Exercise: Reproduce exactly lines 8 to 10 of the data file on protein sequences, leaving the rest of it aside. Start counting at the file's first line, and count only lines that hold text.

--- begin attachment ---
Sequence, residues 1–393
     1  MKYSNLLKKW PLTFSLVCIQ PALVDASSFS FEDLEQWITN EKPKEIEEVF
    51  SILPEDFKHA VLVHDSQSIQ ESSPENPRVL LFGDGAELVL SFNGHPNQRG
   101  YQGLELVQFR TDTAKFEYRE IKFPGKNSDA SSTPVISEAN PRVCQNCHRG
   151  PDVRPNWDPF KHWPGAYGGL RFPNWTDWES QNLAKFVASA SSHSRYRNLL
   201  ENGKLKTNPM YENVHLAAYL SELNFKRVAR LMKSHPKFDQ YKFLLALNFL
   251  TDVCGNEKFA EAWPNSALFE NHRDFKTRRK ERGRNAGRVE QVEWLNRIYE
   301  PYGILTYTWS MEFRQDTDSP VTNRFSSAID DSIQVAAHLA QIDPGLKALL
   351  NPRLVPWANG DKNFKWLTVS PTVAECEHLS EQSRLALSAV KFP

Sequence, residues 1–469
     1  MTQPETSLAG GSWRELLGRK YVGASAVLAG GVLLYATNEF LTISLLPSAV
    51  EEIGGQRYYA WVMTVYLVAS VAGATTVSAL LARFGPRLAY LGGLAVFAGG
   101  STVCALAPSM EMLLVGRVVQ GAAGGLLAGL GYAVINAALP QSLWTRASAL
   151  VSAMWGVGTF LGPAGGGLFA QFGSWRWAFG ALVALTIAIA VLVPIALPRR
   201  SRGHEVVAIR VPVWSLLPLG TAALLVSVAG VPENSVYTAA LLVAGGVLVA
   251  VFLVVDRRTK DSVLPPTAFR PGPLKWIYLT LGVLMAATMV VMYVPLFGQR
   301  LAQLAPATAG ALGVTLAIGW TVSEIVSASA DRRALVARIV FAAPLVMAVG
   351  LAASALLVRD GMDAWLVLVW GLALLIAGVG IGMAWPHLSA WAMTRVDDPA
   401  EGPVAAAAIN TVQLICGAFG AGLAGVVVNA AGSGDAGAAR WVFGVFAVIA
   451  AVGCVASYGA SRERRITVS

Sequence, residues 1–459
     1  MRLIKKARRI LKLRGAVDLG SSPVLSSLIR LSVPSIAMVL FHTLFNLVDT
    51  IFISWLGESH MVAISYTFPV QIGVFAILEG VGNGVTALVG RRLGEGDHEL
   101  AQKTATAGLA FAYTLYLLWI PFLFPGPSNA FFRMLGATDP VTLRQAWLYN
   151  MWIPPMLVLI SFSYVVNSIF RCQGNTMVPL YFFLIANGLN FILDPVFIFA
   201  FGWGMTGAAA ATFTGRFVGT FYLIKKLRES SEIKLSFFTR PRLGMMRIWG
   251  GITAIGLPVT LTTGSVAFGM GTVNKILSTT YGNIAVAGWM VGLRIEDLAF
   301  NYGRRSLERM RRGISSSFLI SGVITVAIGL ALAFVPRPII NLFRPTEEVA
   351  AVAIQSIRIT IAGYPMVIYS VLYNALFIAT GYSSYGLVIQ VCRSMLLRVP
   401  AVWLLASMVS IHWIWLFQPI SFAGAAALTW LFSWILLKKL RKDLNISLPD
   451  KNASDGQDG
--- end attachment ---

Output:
   301  PYGILTYTWS MEFRQDTDSP VTNRFSSAID DSIQVAAHLA QIDPGLKALL
   351  NPRLVPWANG DKNFKWLTVS PTVAECEHLS EQSRLALSAV KFP

Sequence, residues 1–469